The Frederick County Planning Commission delayed a decision on a controversial Rutter’s store in New Market for a week to give residents who couldn’t attend a hearing Wednesday because of concerns about the new coronavirus disease time to submit written testimony.

The proposed site development plan for the project still drew a large crowd to Winchester Hall to express concerns about the project.

However, several dozen people from the Signature Club at Greenview retirement community had signed up to charter a bus to the meeting, but canceled the plan after Gov. Larry Hogan announced Tuesday that people over 60 should avoid crowds as much as possible, Michele Rosenfeld, a lawyer representing a group of residents opposed to the store, told the commission.

The public record on the project will remain open until 9:30 a.m. March 16 for anyone to submit written testimony at

The proposed 8,427-square-foot project at Md. 144 and Mussetter Road would have 20 gas pumps and an accessory carwash on a 12-acre lot, although the store would take up less than half of the lot, according a report prepared by county staff.

A site plan for a 117,000-square-foot shopping center was approved for the entire parcel in 2007, but was never built.

Both access points into the store would be off Mussetter Road rather than Md. 144, said Jerry Muir, a principal planner for the county.

Tim Beaver, with Rutter’s, said the project originally involved selling diesel fuel for large trucks, but the company decided to go with regular pumps.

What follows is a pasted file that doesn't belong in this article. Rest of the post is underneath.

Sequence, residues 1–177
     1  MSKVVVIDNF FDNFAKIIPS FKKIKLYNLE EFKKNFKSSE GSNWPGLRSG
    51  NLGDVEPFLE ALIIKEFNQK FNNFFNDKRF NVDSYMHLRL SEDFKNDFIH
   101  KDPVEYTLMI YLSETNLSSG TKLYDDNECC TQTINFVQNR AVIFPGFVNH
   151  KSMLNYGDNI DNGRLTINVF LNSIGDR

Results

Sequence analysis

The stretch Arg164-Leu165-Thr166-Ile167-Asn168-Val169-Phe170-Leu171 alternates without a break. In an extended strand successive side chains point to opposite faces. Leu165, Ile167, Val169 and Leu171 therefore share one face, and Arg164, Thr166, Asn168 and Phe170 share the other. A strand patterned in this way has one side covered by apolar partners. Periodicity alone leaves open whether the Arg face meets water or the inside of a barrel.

Residents expressed concerns that large trucks would come off Interstate 70 to get fuel.

Beaver said he doubts that would happen, since trying to fill a tractor-trailer with diesel from a standard fuel pump wouldn’t be practical.

The project would require 29 parking spaces, but Rutter’s is requesting 67 spaces. The county’s staff report indicated the county would be willing to accept the change if an increase in tree canopy coverage for the site to 20 percent can be achieved.

Despite some nearby residents’ inability to attend the hearing, plenty of people still came to Winchester Hall to register their complaints about the project, with more than a dozen speaking.

Several speakers opposed the store’s plans to operate 24 hours a day, as well as the number of pumps planned.

The store may not attract tractor-trailers, but it would still get a lot of trucks with trailers, box trucks, vans, motor homes and similar vehicles, said Elmer Turner, the Signature Club chairman.

Other businesses on Md. 144 aren’t open 24 hours a day, said Michelle Case, president of the Greenview homeowners association.

Resident Pearl Daniels said she looked at other gas stations around I-70, Interstate 270, U.S. 15 and U.S. 40, and found several with 12 to 16 pumps, but none with 20.

The Planning Commission will meet Wednesday to hear the applicant’s rebuttal and make its deliberations, Chairwoman Carole Sepe said.

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Ryan Marshall is the transportation and growth and development reporter for the News-Post. He can be reached at

(4) comments


The idea of a gas station, particularity one of this size, in New Market is a terrible one. No residents want it and it does nothing for the community except increase traffic and crime.


So the vote is delayed due to some people who don't drive, and live in an entirely different part of the county, that are essentially professional petition signers? Wow. Just wow.

Craig Hicks

No, the people from the group who did not attend live in a neighborhood that is next to the site. They are at higher risk for serious illness from COVID-19 exposure. The choice they made not to attend the hearing was reasonable based on guidance from public health officials. I am glad the Planning Commission was able to accommodate them and others who want to provide testimony in this case, but are concerned about reducing their risk for exposure to the virus.


You guys made a very wise decision on this issue. Good job!

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